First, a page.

According to the Centers for Disease Control and Prevention, in 2015, there were three million American adults diagnosed with inflammatory bowel disease (IBD), which was a significant increase compared to the two million in 1999. Inflammatory bowel disorders, including Crohn’s disease and ulcerative colitis, can present with various and non-specific symptoms, making these conditions complex to diagnose and address in clinical practice. As a result, most cases are not diagnosed until early adulthood, between 20 and 30 years olds. (2)
Here we provide an important primer on inflammatory bowel disease.
What is IBD?
Inflammatory bowel disease (IBD) includes two conditions, Crohn’s disease, and ulcerative colitis. These conditions differ slightly but are both characterized by chronic inflammation of the gastrointestinal (GI) tract. (8) Several techniques may be used by healthcare providers in order to diagnose IBD including:
- Blood tests
- Endoscopic images (9)
Crohn’s disease-related inflammation can extend from the bowel lining throughout the entire thickness of the bowel wall. Crohn’s disease can also affect any part of the GI tract, though typically it affects the ileum, the tail end of the small intestine that connects to the colon (large intestine). (8) Crohn’s disease most often begins gradually and worsens over time, it can develop in patches and may go into periods of remission for weeks or years. Researchers estimate that Crohn’s disease affects more than half a million North Americans. (20)
Ulcerative colitis causes inflammation and produces ulcers (sores) along the inner lining of the bowel wall. Unlike Crohn’s disease, ulcerative colitis doesn’t impact the entire GI tract, only the colon and rectum. Ulcerative colitis usually begins in the rectum and lower colon, though it can spread throughout the entire colon over time. (8) Symptoms of ulcerative colitis tend to flare up for certain periods, then go into remission for weeks to years. (21)
In about 10 to 15% of cases, it can be difficult to determine whether IBD is a result of Crohn’s disease or ulcerative colitis. In these rare instances, a temporary diagnosis of indeterminate colitis is given. With further tests, most individuals with indeterminate colitis receive a definite diagnosis of Crohn’s disease or ulcerative colitis. (10)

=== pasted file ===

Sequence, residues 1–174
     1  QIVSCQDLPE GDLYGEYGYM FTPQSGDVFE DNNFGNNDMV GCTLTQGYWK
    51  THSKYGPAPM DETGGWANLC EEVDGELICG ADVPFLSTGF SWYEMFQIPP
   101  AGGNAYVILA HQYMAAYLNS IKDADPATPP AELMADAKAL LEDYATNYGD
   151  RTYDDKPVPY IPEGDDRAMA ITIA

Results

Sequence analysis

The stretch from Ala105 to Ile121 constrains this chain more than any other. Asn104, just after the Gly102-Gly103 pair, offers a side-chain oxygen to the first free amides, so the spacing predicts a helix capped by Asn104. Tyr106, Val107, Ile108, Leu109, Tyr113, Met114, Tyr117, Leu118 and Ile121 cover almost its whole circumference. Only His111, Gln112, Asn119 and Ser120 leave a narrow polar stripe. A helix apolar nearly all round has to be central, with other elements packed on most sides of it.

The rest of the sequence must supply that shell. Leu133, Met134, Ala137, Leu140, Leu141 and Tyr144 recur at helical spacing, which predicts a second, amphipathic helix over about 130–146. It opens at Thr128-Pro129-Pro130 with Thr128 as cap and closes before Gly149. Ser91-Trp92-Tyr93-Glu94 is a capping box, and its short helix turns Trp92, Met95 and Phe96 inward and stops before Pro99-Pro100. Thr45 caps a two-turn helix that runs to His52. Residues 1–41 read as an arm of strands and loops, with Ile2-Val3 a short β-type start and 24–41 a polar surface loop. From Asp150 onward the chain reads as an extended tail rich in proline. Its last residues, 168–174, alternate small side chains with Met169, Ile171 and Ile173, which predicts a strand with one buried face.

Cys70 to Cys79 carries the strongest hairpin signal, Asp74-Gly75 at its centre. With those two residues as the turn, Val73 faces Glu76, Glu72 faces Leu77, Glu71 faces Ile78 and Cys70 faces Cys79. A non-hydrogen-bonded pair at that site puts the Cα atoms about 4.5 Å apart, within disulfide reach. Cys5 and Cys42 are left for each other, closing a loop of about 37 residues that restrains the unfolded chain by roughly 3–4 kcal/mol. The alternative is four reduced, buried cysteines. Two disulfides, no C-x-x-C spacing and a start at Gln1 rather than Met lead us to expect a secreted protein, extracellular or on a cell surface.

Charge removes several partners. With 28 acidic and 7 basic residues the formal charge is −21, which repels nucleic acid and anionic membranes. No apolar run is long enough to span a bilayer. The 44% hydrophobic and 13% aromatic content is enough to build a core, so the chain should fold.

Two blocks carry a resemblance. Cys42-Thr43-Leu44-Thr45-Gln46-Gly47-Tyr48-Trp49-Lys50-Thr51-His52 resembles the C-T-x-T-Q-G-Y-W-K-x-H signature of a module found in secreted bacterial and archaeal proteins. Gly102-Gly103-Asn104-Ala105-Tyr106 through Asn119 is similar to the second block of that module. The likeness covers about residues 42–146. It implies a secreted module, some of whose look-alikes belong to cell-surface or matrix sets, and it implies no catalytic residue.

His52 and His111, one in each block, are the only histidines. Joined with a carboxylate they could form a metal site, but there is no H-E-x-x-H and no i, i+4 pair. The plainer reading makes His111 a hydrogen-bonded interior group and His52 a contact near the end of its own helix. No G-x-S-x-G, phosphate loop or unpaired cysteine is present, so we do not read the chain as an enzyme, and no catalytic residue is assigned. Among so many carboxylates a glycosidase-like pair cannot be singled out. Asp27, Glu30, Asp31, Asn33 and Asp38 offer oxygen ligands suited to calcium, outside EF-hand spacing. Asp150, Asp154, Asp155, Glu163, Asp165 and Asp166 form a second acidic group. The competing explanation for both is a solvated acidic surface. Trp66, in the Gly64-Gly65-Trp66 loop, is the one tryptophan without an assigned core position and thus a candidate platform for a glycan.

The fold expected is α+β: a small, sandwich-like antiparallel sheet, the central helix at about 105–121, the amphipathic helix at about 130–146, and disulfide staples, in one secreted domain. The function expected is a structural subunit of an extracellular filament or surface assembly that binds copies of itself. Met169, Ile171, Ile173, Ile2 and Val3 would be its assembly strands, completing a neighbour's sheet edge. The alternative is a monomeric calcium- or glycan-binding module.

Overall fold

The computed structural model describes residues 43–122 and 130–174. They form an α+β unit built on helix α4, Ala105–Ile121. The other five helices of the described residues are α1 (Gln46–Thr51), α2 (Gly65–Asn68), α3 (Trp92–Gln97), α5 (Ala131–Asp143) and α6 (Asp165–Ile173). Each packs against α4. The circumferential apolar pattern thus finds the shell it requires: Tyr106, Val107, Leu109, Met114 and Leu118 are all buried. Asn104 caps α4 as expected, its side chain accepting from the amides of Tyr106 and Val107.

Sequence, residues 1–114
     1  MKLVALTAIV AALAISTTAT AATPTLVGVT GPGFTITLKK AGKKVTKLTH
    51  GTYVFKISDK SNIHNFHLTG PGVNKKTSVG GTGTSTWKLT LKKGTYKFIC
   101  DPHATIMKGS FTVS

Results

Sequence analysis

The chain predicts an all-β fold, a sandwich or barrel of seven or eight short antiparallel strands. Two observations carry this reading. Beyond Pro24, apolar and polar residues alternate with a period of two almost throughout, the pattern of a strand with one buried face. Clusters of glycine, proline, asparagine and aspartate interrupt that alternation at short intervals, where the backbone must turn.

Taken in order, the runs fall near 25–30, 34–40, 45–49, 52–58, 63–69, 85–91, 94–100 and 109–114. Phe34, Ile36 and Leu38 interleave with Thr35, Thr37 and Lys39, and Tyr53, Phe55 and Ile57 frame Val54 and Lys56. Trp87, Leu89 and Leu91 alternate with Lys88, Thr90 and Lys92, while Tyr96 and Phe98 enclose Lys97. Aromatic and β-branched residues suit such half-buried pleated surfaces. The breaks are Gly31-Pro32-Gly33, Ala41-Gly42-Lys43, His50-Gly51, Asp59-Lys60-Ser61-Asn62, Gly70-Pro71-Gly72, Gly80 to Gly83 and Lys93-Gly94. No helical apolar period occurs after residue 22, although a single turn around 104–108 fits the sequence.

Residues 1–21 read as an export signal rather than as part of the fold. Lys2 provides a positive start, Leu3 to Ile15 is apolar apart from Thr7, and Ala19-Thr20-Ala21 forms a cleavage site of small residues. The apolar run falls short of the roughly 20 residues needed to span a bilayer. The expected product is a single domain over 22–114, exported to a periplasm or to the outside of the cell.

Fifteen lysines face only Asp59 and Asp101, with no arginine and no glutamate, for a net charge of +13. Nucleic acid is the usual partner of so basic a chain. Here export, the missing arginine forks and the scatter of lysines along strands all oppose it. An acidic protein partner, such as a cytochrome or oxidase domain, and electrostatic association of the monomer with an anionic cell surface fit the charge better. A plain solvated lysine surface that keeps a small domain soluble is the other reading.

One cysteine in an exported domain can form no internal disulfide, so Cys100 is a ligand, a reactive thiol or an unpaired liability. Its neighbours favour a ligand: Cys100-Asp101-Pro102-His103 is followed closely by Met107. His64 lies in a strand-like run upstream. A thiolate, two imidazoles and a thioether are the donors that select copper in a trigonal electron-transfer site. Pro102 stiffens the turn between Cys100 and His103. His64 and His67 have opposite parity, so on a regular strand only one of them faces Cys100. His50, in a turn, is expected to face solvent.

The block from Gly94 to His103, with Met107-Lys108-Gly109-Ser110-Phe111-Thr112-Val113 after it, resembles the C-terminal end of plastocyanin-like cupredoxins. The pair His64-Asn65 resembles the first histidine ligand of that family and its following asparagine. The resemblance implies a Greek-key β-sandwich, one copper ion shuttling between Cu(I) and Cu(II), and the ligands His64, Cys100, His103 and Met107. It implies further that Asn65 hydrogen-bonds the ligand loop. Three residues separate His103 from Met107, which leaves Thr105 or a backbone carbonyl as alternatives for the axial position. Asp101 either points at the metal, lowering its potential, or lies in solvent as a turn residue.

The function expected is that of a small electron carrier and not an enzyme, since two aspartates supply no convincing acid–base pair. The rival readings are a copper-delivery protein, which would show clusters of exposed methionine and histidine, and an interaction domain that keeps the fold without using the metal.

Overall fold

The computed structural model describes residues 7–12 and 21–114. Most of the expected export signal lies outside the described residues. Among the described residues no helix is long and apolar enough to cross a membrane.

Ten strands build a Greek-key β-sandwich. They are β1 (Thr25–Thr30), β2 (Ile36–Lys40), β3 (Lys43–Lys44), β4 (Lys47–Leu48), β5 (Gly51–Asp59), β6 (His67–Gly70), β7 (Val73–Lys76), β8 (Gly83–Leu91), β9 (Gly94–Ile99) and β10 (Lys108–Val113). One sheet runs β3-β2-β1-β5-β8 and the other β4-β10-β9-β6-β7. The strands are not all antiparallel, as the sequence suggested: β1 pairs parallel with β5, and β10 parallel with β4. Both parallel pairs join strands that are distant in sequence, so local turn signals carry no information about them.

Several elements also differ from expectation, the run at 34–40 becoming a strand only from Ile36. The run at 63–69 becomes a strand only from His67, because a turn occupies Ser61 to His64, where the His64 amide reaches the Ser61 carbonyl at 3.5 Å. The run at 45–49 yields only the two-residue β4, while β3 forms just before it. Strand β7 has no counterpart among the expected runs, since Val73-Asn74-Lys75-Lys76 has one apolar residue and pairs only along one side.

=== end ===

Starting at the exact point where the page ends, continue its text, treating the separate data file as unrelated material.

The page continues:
Did you know? IBD can also be confused with irritable bowel syndrome (IBS) because some of the symptoms are similar, but the two are not the same.
IBD vs. IBS: Understanding inflammatory bowel disease
When comparing and contrasting inflammatory bowel disease (IBD) and irritable bowel syndrome (IBS), you will find similarities and differences. (7) IBS is considered a syndrome (group of symptoms) and does not cause intestinal damage. IBD, however, is a disease that can cause permanent damage to the intestines. (6)
IBS and IBD symptoms
One of the hallmark symptoms of IBS is changes in the frequency of bowel movements and the form of stools. This can present as constipation, diarrhea, or alternating constipation and diarrhea. Another key symptom of IBS is abdominal pain and cramping. (6)
The symptoms of IBD, however, depend on where the inflammation is located and whether it’s related to Crohn’s disease or ulcerative colitis. With IBD, diarrhea, abdominal pain, and cramping can be common symptoms just like with IBS. However, additional IBD symptoms may include:
- Blood in the stool
- Loss of menstrual cycle
- Night sweats
- Reduced appetite
- Unintended weight loss (8)
While there is overlap in some symptoms and both conditions can be inflammatory, the inflammation with IBD can be damaging, while in some cases of IBS, there is no inflammation at all. (6) IBD can lead to complications such as colorectal cancer, damage to the bowel, and malabsorption of nutrients. (16)(26)
Inflammation of the small intestine can interfere with the absorption of nutrients, including amino acids, fatty acids, sugars, vitamins, and minerals. (5) Malnutrition is considered a major complication of IBD and is estimated to affect 65% to 75% of patients with Crohn’s disease. (23) A 2017 review published in the journal Gastroenterology Research and Practice provides a detailed analysis of common nutrient deficiencies that can occur with IBD. Vitamins and minerals of concern include:
- Vitamin A
- B vitamins (B9, B12)
- Vitamin D
- Vitamin K
- Zinc (23)
Poor absorption or inadequate intake of calcium and vitamin D can cause decreased bone mineral density, which may lead to osteoporosis and increase the risk of a bone fracture. Calcium strengthens bones and teeth, while vitamin D assists the body in using calcium. Low physical activity, inflammation, and long-term corticosteroid use can also contribute to the development of osteoporosis. (5)
An abnormal narrowing of a body passage, or stricture, is developed in the bowel in about 25% of individuals with Crohn’s disease. (3) Chronic inflammation and the presence of scar tissue can cause intestinal strictures, which make digestion difficult. A modified low-fiber diet, liquid diet, medication, or surgery may be required to manage the stricture. (5)
“The exact etiology of IBD is not well known,” report the authors of a 2014 review published in the Journal of Inflammation Research. “There are several factors that have been postulated to have an effect on the development of this group of diseases, which include but are not limited to bacterial contamination, a change in the immune system, and genetic variations.” (9) While the exact cause is not known, immune function can definitely be a factor.
In addition to immune and genetic factors, other IBD risk factors include:
- Chronic stress
- Long-term use of certain medications (NSAIDs, oral contraceptive pills)
- Cigarette smoking (past or present) (4)(18)
Did you know? Reports indicate that there are more than 200 genes related to IBD susceptibility. (17)
Though IBD is not curable, certain approaches can help manage IBD symptoms and keep the condition in remission. Medication is typically prescribed to address IBD, however, diet, lifestyle, and supplement interventions may also be effective in supporting remission.